This chapter discusses the representation of the threshold in René Magritte’s series of door paintings (1933–62), Franz Kafka’s parable ‘Before the Law’ (1905) and Luis Buñuel’s film The Exterminating Angel (1962). With reference to the Surrealist approach to the dream as a means of subverting ‘normality’, I explore the allegorical engagement of these figures with the notion of the threshold, which signals the violence of normative power in contemporary society. Both Magritte and Kafka’s doors are open, free to pass, yet strangely emanating a sense of inaccessibility, which is more blatantly expressed in Buñuel’s The Exterminating Angel – a story about people trapped in an unlocked house. I will discuss whether these nightmarish representations of open yet inaccessible doors can be understood as a criticism of the violence of normative power, as articulated in Agamben (1999)’s and Derrida (1992)’s interpretations of Kafka’s ‘Before the Law’. Both Agamben and Derrida argue that the law fundamentally belongs to the literary space of narration, revolving around ambiguous relations between reality and story, anomy and nomos. At the origin of the law, for them, is the fictionality that makes possible the normalisation of life by narrating the universal out of the singular. I demonstrate how the conceptualisation of the threshold by Magritte, Kafka and Buñuel illuminates the literary space of the law/norm that is fictitious yet actual in legitimising reality, challenging the normalised perception of reality through a subversive use of the dream and dreamlike imagery.
In Jean-Claude Grumberg’s 1998 play Rêver peut-être (Perchance to Dream), an actor rehearsing Hamlet suddenly faces accusations of murder, but not any murder, one he allegedly committed in his dreams. When questioned by a judge, the protagonist Gérard B. is unable to recall the name of his alleged victim. As a result, he faces a Kafkaesque trial in which his dreams are scrutinised to determine his humanity/inhumanity. Drawing on the notion of ‘souvenir-fantôme’ or ‘phantom-memory’ developed by French philosopher Henry Bergson, which refers to a type of buried memory only available in dreams, this chapter investigates the links between dreams, memory, history and spectrality. In Bergson’s philosophical model of the dream, the dream is associated with a widening of perception, allowing what remains otherwise hidden in waking life to become visible. Such a model proves highly pertinent for elucidating the dynamics at play in Rêver peut-être: as I demonstrate, it is in his dreams that Gérard is able to perceive what he had so far refused to see in waking life, namely that the spectral presence haunting his dreams is his father who was deported when he was an infant in Vichy France. Banished from waking life by concentrationary forces, the spectres, or unmourned victims of atrocities, find refuge in the oneiric realm. The act of dreaming thus ultimately becomes a subversive, rebellious act alluding to the tension between law and the kind of justice that is demanded by the spectre.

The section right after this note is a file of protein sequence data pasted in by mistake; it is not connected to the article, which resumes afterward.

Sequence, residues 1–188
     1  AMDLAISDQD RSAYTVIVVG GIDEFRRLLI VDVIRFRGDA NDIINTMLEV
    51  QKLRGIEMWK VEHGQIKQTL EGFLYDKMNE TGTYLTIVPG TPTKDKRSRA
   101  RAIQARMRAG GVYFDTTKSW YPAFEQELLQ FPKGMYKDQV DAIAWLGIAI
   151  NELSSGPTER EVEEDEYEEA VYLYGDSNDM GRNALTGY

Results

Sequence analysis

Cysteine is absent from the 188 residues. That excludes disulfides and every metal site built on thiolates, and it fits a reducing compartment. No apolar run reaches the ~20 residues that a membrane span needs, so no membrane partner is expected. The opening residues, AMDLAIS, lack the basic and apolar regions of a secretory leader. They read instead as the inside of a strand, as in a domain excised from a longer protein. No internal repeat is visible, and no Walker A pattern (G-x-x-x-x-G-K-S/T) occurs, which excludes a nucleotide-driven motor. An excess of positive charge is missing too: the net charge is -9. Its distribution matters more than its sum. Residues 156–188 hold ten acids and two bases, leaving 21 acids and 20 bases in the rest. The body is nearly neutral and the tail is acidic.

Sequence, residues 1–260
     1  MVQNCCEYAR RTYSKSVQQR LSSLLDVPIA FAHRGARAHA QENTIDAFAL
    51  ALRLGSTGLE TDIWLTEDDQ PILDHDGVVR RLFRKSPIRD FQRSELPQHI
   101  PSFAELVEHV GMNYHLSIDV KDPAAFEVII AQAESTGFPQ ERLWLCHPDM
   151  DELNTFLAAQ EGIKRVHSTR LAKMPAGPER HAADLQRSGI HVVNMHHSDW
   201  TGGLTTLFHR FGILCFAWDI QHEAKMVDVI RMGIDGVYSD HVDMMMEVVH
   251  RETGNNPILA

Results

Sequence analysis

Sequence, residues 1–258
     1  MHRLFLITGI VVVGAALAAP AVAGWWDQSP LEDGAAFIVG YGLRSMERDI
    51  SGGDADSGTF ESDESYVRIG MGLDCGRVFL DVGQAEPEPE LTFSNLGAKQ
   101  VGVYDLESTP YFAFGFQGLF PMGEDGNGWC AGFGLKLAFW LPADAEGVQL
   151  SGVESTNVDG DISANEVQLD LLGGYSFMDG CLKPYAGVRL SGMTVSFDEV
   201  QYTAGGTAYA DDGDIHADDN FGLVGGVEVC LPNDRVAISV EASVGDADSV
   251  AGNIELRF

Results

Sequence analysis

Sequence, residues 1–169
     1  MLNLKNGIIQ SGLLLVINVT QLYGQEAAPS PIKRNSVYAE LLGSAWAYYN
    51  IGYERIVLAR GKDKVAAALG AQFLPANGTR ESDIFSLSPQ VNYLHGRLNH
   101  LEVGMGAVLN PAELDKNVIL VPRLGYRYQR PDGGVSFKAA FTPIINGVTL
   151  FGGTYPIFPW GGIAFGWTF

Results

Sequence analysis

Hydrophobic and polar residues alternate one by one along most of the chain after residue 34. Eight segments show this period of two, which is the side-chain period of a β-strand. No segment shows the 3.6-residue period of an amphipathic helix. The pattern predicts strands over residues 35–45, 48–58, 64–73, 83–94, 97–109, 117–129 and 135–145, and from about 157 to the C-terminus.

Marie NDiaye’s oeuvre is known for, among others, its ‘strangeness’ attributed to narrative holes and the blurred frontiers between reality and the dream. Ladivine (2013) – whose (post)colonial motif and the trauma associated with it is perhaps the most explicitly treated to date by the author famous for being evasive about the race of her protagonists – is no exception. In this article, I examine two distinct dimensions which in effect merge and entwin in the novel: the enduring, and transgenerational (as depicted in Ladivine in particular), trauma of (post)colonialism and its oneiric or phantasmatic manifestations since its extreme nature escapes not only a realistic narration but the conscious. I analyse this aspect of the novel in light of Fanon’s psychoanalytical theories of the ‘lived’ black experience as well as theories by Freud and Lacan. Rejecting his earlier assertion of the dream as wishful or driven by the pleasure principle, Freud proposes the repetition compulsion to explain traumatic dreams and equates repetition with the death drive. Lacan reframes the Freudian death drive as the real, part of the trilogy of the imaginary–the symbolic–the real, by positing that the real of trauma is that which resists symbolization, that is, the impossible to say or name. The writing style of Ladivine exemplifies, I argue, such impossibility, which lends the novel an aura of strangeness, filled with narrative jumps and gaps.
This introductory chapter explains the aim of the volume: to read dreams not only as trauma’s coded language but also as an imaginative escape from and resistance to the oppression and systemic violence of ‘dark times’. Central to the book is a reassessment of the faculty and function of dreaming, one that sees dreams as active and perceptive psychological episodes whose capacity for thought renders them inherently political. This approach liberates the dream from its psychoanalytic detainment and opens it up to other kinds of theorisations, applications and interpretations. It illuminates precisely why the dream is uniquely placed to rail against, or indeed remedy, modern and contemporary trauma.